This is an extract from The Science of Climate Change — Questions and Answers, published by the Australian Academy of Science and distributed to members of parliament, every local government authority in Australia and every Australian high school, in August 2010. Crikey will be running a series of extracts, including canvassing common myths.
Climate has varied enormously through Earth’s history
Since the Earth was formed 4.5 billion years ago, the global climate has changed dramatically many times due to the changing configuration of continents and oceans, natural variations in the levels of greenhouse gases in the atmosphere, the sun’s intensity, and the Earth’s orbit around the sun.
Evidence from the past shows that global climate is sensitive to small influences
During the past million years, the average temperature of the Earth’s surface has risen and fallen by about 5°C, through 10 major ice age cycles. The last 8000 years have been relatively stable at the warmer end of this temperature range. These cycles were initiated by subtle variations in the Earth’s orbit that altered the pattern of absorbed sunlight. Measurements from ice cores and other sources strongly suggest that as temperatures changed, other changes were triggered that had an amplifying effect: during warm periods, CO2 and methane were released into the atmosphere, and ice sheets receded and so reflected less sunlight to space. This meant that small influences were amplified into larger changes.
An important implication of this finding from past climate changes is that similar processes are likely to amplify current human influences on climate. Past temperature changes affected the world dramatically. For example, in the coldest period of the last ice age (approximately 20,000 years ago) sea level was at least 120 metres lower.
The atmosphere was also very dusty, probably because of dramatic regional reductions in vegetation cover associated with the colder climate and reduced CO2. In even earlier times, several million years ago, global temperature was several degrees higher than today and warm, tropical oceans may have reached much farther from the equator, causing significant changes to atmospheric flow patterns.
Records also show that climates can shift abruptly
The largest global temperature changes evident in the geologic record have typically occurred fairly slowly over tens of thousands or millions of years, much more gradually than the warming over the past century. However, some rapid changes have been documented in very warm past climates and in more recent ice ages. One of these rapid changes took place 56 million years ago, when the global temperature increased by about 5°C, accompanied by an unexplained release of greenhouse gases into the atmosphere.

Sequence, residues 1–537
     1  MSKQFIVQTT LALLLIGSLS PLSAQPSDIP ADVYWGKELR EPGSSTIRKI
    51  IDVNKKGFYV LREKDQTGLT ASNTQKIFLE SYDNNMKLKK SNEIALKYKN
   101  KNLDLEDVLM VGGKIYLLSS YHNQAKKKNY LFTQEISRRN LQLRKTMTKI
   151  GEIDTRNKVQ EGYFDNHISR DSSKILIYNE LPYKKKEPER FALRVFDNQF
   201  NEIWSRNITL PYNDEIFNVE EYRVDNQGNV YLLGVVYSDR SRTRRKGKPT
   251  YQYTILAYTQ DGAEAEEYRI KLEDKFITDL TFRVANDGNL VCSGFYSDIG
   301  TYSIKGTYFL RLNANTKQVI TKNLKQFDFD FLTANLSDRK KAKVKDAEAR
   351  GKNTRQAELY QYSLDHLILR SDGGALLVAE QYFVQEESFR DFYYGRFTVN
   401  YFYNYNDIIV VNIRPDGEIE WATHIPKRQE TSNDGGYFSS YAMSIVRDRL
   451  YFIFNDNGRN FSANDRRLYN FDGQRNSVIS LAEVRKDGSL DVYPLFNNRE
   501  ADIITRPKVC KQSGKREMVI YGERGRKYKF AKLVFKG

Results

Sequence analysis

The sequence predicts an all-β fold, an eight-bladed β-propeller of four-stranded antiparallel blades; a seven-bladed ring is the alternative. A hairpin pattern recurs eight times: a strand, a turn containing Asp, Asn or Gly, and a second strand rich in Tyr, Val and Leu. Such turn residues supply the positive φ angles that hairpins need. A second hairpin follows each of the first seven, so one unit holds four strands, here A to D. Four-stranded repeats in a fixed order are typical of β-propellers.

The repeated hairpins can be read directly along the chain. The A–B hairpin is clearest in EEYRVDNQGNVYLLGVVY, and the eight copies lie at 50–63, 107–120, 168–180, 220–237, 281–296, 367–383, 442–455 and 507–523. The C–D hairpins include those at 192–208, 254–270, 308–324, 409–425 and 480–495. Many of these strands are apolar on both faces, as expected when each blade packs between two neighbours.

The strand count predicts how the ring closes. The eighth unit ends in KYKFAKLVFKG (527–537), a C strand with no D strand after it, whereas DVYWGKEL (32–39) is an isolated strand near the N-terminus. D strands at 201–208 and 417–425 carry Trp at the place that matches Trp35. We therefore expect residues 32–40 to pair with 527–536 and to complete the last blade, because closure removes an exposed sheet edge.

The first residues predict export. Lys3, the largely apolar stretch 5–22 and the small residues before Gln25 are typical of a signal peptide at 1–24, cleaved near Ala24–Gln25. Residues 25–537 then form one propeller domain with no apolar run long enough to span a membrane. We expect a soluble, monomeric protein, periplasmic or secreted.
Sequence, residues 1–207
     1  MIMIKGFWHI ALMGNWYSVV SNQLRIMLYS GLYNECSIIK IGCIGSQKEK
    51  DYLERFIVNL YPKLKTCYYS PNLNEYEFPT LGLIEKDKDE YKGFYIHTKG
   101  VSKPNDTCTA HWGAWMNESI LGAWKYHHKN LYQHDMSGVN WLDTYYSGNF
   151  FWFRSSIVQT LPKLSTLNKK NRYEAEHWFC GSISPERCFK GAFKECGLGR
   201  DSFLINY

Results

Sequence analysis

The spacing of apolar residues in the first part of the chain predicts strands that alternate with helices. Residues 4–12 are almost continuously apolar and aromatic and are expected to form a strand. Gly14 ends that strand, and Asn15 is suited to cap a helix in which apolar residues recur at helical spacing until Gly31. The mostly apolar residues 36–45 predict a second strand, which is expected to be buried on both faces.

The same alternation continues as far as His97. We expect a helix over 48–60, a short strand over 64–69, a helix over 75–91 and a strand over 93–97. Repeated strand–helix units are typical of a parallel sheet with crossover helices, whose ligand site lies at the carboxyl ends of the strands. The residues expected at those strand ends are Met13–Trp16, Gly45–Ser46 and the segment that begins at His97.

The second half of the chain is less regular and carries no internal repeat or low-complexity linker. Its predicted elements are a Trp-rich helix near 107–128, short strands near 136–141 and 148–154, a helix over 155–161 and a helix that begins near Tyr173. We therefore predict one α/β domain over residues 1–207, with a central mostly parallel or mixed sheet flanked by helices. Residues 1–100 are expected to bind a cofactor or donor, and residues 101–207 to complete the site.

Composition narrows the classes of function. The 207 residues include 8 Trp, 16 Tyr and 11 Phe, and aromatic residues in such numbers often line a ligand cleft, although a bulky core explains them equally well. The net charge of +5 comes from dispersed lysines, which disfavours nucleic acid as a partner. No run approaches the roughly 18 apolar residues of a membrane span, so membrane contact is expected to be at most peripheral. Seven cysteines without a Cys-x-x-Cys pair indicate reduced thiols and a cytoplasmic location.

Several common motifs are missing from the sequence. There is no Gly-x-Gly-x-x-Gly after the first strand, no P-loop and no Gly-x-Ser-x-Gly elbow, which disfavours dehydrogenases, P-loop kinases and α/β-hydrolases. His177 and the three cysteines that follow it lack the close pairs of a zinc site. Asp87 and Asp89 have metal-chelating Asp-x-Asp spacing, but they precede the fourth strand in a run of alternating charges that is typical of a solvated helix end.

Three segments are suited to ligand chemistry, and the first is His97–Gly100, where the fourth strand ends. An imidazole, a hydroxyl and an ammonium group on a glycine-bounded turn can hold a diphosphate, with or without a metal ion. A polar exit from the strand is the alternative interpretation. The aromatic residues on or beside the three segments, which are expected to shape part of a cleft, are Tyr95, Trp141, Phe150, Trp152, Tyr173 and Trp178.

This release may have been so rapid as to be comparable to the current human release of fossil fuels. Other rapid changes during the last ice age, of 5°C or more over as little as a few decades, were probably mostly regional and due to sudden collapses of ice sheets or changes in ocean currents.
Although the millennium before the industrial revolution was relatively stable, there were variations in climate over that period.
The Medieval Warm Period (AD 800-1300) and Little Ice Age (AD 1500-1800) are two well-known climate episodes during the past thousand years. The Northern Hemisphere may have been up to 1°C warmer on average during the former period than during the latter. However, several assessments indicate that Northern Hemisphere average temperatures over the past 50 years have been warmer than during the Medieval Warm Period, and temperatures over the past decade are warmer still. Records are sparse in the Southern Hemisphere, but those available indicate little or no correlation with warming in the Northern Hemisphere during the Medieval Warm Period, unlike the more globally coherent cooling in the Little Ice Age and warming over the past century.
There have also been regional variations in climate, particularly rainfall, that are not associated with global changes. For example, regional droughts appear to have contributed to the collapse of the ancient Akkadian empire in the Middle East and the Mayans in Mexico.
The Australian Academy of Science, which represents Australia’s foremost scientists, provides scientific advice to policy makers and promotes excellence in Australian science, has devoted considerable resources to untangling the science of climate change and presenting it in a simple and easily understood format.
The full report can be downloaded here for free.